A transaction tax could be a way to actually tax Visa and Mastercard on their New Zealand business, says tax expert Andy Archer

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By Gareth Vaughan

With the Government’s new law aimed at ensuring multinational companies pay their fair share of tax in New Zealand set to have minimal impact on Visa and Mastercard, one tax expert has another suggestion.

Interest.co.nz reported earlier in the week that the the Taxation (Neutralising Base Erosion and Profit Shifting – BEPS -) Bill, which took effect from 1 July, means little for Visa and Mastercard, whose NZ payments revenue is booked in Singapore where the companies enjoy sweetheart tax deals..

Andy Archer, a former EY tax partner who now runs consultancy Acumen Ltd, says the new BEPS tax measures won’t change much for Visa, Mastercard or other businesses running digital/e-commerce/internet type business models.Taxing Visa and Mastercard would require some form of transaction tax, Archer suggests.

“You have to ask yourself, what is their business model? Fundamentally they earn revenue from charging a small transaction percentage on every transaction – that is, every time a Visa card is swiped, something like 0.1%, but the numbers [of transactions] are enormous. They do not provide credit. They do not lend money. Thinking about it, there are four players – the retailer or merchant, the merchant’s bank, the card issuing bank which lends the transaction credit amount and takes the default risk, and Visa. So Visa has no tangible product, good or service,” says Archer.

“The same challenges apply to Facebook and Google, Uber, Airbnb, and other internet based business. To tax Visa/Mastercard, you would be looking at some form of transaction tax. This is a second, or possibly third, cousin of the GST impost on imported services.” 

Low hanging fruit

Archer says NZ’s BEPS measures strike at what might be termed the low hanging fruit.

“The main new tax measure to tax foreigners doing business here, but not previously subject to tax, are changes to our ‘permanent establishment’ (PE) rules. But these are really targeted anti-avoidance measures that apply where a foreign entity uses an incorporated NZ company to undertake some ancillary work to facilitate, market, or promote their products and services, and drops off a modest amount of commission or income that it ‘volunteers’ to be taxed locally, but retains the substantive activities and value creation offshore so doesn’t fall foul of our taxing rules,” says Archer.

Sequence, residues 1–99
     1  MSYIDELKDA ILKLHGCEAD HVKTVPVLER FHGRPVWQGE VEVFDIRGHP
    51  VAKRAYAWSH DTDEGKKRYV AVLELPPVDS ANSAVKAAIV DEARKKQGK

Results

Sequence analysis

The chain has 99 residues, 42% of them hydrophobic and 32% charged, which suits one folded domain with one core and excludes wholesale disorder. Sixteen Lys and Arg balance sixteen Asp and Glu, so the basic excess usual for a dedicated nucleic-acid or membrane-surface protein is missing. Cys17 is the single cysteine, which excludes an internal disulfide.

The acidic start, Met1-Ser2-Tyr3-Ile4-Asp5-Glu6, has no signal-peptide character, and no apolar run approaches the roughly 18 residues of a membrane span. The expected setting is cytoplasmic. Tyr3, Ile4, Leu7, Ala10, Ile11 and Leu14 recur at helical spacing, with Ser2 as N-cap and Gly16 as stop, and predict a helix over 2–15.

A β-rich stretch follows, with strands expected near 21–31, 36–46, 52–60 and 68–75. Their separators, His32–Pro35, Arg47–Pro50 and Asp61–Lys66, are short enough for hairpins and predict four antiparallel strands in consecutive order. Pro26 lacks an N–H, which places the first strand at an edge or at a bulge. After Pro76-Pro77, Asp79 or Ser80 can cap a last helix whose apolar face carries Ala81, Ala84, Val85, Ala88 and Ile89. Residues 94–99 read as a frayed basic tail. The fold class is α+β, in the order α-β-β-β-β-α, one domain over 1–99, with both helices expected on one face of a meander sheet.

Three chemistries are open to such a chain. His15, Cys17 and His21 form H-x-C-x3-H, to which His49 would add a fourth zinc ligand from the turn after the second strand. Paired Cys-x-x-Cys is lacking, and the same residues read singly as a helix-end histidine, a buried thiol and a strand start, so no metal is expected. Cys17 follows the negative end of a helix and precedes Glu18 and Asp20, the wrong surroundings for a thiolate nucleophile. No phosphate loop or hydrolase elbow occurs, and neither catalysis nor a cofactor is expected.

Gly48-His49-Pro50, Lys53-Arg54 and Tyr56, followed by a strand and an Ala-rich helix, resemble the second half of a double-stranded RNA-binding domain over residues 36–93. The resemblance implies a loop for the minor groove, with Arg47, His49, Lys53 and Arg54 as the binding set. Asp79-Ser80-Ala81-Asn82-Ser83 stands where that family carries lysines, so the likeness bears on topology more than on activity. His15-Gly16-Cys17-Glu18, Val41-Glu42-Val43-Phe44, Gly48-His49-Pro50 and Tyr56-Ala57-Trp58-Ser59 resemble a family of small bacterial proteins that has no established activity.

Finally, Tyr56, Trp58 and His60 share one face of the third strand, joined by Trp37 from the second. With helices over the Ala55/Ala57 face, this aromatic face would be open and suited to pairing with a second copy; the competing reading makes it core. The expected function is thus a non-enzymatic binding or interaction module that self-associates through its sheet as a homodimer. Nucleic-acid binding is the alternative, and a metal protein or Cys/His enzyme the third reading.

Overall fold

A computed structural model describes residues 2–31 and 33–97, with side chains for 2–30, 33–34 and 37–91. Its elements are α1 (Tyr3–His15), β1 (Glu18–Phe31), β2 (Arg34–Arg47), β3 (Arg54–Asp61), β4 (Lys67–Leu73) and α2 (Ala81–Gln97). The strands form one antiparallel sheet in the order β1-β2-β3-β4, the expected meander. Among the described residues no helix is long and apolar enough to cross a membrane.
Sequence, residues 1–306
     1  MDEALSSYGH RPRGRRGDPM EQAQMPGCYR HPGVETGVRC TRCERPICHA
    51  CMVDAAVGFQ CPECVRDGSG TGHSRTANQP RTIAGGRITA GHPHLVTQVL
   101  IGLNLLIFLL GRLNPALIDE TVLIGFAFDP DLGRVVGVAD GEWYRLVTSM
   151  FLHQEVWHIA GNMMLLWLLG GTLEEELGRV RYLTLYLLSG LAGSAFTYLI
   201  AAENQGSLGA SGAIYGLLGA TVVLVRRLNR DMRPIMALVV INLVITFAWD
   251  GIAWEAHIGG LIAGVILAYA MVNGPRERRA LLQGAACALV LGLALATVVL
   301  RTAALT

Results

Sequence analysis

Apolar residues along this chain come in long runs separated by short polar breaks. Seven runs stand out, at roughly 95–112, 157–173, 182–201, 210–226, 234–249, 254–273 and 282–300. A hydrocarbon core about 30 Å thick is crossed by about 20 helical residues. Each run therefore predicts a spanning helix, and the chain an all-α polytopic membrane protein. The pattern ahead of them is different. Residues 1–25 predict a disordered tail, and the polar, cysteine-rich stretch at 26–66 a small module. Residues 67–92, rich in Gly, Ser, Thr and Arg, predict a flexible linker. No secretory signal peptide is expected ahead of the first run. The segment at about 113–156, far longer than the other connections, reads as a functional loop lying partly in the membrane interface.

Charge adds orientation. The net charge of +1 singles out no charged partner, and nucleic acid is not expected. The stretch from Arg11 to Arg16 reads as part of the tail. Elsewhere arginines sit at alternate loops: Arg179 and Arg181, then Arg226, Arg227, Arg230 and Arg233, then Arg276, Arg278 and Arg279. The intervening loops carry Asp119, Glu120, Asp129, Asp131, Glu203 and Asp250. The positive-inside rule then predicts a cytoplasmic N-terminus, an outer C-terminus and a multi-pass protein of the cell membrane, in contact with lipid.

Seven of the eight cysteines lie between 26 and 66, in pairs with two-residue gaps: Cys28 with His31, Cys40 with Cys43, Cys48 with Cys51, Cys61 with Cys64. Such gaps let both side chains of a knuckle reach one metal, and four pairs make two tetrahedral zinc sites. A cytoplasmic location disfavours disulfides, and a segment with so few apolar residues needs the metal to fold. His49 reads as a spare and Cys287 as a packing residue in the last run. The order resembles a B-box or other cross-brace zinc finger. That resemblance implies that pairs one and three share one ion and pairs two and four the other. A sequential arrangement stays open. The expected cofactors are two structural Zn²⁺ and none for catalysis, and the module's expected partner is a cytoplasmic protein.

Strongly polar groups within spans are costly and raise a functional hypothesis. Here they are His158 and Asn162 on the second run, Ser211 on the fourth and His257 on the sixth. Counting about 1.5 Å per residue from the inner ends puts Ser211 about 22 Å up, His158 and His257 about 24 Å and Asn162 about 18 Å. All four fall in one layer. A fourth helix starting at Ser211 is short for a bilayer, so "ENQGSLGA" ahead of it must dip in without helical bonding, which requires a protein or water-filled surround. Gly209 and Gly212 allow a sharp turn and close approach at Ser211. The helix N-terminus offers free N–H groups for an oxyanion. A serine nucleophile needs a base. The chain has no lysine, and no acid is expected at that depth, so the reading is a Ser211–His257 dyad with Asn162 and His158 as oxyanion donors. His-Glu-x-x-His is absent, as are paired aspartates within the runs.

For the new PE rules to apply the local activity must play a role in bringing about a sale, he adds.

“The problem the proposed rule is trying to address is the ability of some multinationals to structure their affairs so they do not have a PE in New Zealand, despite having significant economic activity carried on for them here. This usually involves the non-resident entity establishing a New Zealand subsidiary to carry out local sales related activities.”

“The NZ facilitator must carry on an activity for the purpose of bringing the supply about. It is intended that only activities designed to bring about a particular sale to an identifiable person should potentially result in a deemed PE. Therefore activities that do not relate to a particular sale, such as advertising and marketing, would not be sufficient to trigger a possible PE under this requirement. After sales activities, such as technical support, would not be sufficient to meet this requirement, as they occur after the supply has been made. The kinds of activities that are within the intended scope of this provision primarily include activities designed to convince a particular customer to acquire the supply,” Archer says.

This means the new rules are really for more conventional business models where a foreign owner has put a structure in place to minimise their NZ tax liabilities. For example this could be fragmenting or splitting activities, some in-country, most outside the country, to avoid having a PE that subjects them to full profit attribution and tax. 

“The core Action Plan 1 of the Organisation for Economic Co-operation and Development’s BEPS initiative was to tackle multi-national tax to address the tax challenges of the digital economy. On this the OECD has hit a wall. Their March 2018 interim report shows that this OECD action boat is taking in water, or another analogy, this significant elephant is not leaving the room soon,” Archer says. 

A formidable challenge

Globalisation and the digital economy was always going to be a formidable challenge for international taxation and this remains the case, Archer notes.

“This is particularly the case with our tax systems foundered on taxing foreigners with an actual presence in-country, bricks and mortar if you like. Existing international tax rules are inadequate when it comes to addressing the lack of tangible borders, which characterises the digital economy. Currently, a company with no, or very little, physical presence in the economy of another country, but with a significant digital presence, is not liable for taxation. While the way we do business has changed enormously, international tax rules have not evolved with this and the gulf is enormous,” Archer says.

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